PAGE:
Faced with an angry backlash for defending white supremacists' right to march in Charlottesville, the American Civil Liberties Union is confronting a feeling among some of its members that was once considered heresy: Maybe some speech isn't worth defending.
Cracks in the ACLU's strict defense of the First Amendment no matter how offensive the speech opened from the moment a counter-protester was killed during the rally in Virginia. Some critics said the ACLU has blood on its hands for persuading a judge to let the Aug. 12 march go forward. An ACLU leader in Virginia resigned, tweeting, "What's legal and what's right are sometimes different."
"This was a real tragedy and we're all reeling," said Lee Rowland, a senior staff attorney at the ACLU's headquarters in New York City. "Charlottesville should be a wake-up call to all of us."
The backlash, reminiscent of one that followed the ACLU's 1978 defense of a neo-Nazi group that wanted to march through Skokie, Illinois, a Chicago suburb with a large number of Holocaust survivors, set off a tumultuous week of soul-searching and led to a three-hour national staff meeting in which the conflict within the group was aired.
What resulted from the backlash was an announcement that the ACLU will no longer stand with hate groups seeking to march with weapons, as some of those in Charlottesville did.
"If people are gathering armed to the hilt and hoping for violence, I think the ACLU would be doing damage to our free-speech rights in the long term," Rowland said.
The newfound limit on how far the nearly century-old ACLU is willing to go to defend free speech sets up intriguing choices in the months ahead. Will it intervene, for example, in the case of a white nationalist rally at Texas A&M that the university canceled after Charlottesville? The ACLU said it won't discuss when and where it might take a stand.
The seeds of upheaval in Charlottesville were planted when a judge agreed with the ACLU that white nationalists should be able to protest the removal of a statue of Confederate Gen. Robert E. Lee where the monument stands, instead of at a neutral site sought by city officials.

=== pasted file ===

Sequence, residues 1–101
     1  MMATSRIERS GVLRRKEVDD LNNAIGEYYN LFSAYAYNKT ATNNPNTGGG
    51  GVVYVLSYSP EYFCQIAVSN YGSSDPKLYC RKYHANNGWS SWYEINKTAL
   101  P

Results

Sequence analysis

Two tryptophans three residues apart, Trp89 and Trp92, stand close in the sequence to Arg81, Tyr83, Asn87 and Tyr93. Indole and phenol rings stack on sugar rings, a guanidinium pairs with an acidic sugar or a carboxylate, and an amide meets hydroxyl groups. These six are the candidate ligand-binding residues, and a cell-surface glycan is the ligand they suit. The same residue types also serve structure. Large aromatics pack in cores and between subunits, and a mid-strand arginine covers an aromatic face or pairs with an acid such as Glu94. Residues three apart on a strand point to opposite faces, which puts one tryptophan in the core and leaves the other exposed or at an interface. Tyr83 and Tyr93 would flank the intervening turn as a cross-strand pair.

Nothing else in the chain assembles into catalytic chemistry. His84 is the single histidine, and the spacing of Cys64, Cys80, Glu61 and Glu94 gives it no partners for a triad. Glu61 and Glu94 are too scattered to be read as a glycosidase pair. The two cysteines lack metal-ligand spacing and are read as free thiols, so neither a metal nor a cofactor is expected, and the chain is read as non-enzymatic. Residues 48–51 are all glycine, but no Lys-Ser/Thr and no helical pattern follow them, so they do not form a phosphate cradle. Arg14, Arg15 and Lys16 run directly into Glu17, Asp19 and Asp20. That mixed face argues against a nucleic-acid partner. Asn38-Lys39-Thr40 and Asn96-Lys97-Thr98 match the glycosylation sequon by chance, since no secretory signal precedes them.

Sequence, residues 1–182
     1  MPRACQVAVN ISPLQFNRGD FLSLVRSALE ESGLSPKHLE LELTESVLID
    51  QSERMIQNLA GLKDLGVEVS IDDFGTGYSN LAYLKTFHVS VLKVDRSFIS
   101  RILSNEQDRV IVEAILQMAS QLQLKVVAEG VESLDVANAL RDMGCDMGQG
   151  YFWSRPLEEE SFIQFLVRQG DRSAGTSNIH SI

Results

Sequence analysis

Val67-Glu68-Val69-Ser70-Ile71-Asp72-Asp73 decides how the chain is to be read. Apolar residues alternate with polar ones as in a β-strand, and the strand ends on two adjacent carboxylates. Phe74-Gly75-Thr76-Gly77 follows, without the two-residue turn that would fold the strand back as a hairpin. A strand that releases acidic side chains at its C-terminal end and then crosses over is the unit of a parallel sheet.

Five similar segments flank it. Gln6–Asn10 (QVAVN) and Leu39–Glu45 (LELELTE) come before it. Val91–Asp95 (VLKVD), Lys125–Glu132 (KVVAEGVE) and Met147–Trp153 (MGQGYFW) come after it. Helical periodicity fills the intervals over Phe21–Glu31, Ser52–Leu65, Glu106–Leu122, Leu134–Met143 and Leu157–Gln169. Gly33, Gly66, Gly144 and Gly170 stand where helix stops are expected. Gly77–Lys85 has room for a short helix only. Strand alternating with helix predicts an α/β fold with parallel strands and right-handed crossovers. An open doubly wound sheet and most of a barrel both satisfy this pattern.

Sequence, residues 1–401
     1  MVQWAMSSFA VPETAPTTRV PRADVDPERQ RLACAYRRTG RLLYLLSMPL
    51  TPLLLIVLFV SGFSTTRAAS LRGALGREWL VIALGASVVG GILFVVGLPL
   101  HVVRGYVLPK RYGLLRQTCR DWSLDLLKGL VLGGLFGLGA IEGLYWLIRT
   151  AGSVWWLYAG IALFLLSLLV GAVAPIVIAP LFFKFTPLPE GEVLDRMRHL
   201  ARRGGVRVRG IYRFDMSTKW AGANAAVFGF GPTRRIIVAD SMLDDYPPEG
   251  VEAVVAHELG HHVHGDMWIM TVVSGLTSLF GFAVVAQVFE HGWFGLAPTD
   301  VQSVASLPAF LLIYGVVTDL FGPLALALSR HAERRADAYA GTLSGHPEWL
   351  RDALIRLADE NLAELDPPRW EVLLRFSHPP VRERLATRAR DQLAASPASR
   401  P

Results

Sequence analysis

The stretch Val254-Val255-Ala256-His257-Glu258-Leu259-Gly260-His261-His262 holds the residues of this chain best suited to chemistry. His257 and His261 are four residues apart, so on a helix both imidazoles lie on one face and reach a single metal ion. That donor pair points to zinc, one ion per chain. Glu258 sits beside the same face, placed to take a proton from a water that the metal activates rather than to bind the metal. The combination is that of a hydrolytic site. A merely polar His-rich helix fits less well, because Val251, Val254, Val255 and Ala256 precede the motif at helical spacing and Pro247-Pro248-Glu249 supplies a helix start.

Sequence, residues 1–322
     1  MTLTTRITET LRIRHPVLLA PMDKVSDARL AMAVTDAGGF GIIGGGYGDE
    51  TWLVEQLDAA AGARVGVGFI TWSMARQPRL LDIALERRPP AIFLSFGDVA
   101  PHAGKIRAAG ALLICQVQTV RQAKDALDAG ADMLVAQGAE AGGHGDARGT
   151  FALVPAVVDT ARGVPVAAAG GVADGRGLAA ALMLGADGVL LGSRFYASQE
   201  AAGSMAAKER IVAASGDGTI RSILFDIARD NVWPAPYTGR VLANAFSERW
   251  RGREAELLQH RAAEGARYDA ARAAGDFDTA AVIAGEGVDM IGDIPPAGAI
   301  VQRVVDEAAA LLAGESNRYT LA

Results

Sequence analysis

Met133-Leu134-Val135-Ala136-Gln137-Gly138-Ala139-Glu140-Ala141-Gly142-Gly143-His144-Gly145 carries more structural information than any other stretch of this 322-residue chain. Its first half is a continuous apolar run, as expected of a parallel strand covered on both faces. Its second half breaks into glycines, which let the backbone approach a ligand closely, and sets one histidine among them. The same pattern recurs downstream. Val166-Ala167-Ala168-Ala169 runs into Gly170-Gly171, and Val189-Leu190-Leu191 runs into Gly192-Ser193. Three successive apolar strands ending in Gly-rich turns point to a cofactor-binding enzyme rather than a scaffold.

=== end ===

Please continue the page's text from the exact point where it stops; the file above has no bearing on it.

It was a position consistent with the ACLU's history of defending free-speech rights for protesters on all parts of the spectrum. But then James Alex Fields Jr. was accused of using his car to kill 32-year-old Heather Heyer and injure several others who were staging a counter-demonstration.
Within hours, a board member of the ACLU's Virginia branch, Waldo Jaquith, resigned and fired off a stinging tweet that ended with, "I won't be a fig leaf for the Nazis."
In an opinion piece in The New York Times, K-Sue Park, a race studies fellow at the UCLA School of Law, argued that the ACLU's defend-in-all-cases approach to the First Amendment "perpetuates a misguided theory that all radical views are equal," adding that group is "standing on the wrong side of history."
Virginia Gov. Terry McAuliffe went further, accusing the ACLU of creating a "powder keg" in Charlottesville. The ACLU of Virginia responded by saying it was "horrified" by the violence but didn't cause it.
"We do not support Nazis," it said. "We support the Constitution and the laws of the United States."
After the 1978 furor over the neo-Nazi rally in Skokie, which never actually got off the ground, the ACLU stood firm even as it received hate mail and hundreds of members quit.
The latest criticism of the ACLU has come from some of the same people who had heaped praise and donations on the organization for its resistance to President Donald Trump's travel ban. Membership surged from 425,000 to 1.6 million, with $90 million in online contributions, in the months since Trump's election.
"The ACLU has faced much worse before and emerged stronger and more dynamic," said Ron Kuby, a New York civil rights attorney. "Refusing to represent people who intend to march while visibly armed is a reasonable line to draw given what we've seen from the white supremacists."
ACLU member and Charlottesville resident Ira Bashkow said he never considered quitting the group but feels the disturbing episode in his city showed it has to rethink its "old-line" approach to the First Amendment.
"I believe in the right to free speech, but it doesn't mean (demonstrators) can say whatever they want and hold a weapon at the same time," he said.
Stacy Sullivan, an associate director with the ACLU, said that after Charlottesville, a small increase in people quitting as members or dropping off social media last week was made up for by new sign-ups.
She said the ACLU will not shy away from taking unpopular positions.
"If you can't stomach respecting the First Amendment rights of people you despise," Sullivan said, "you don't work here."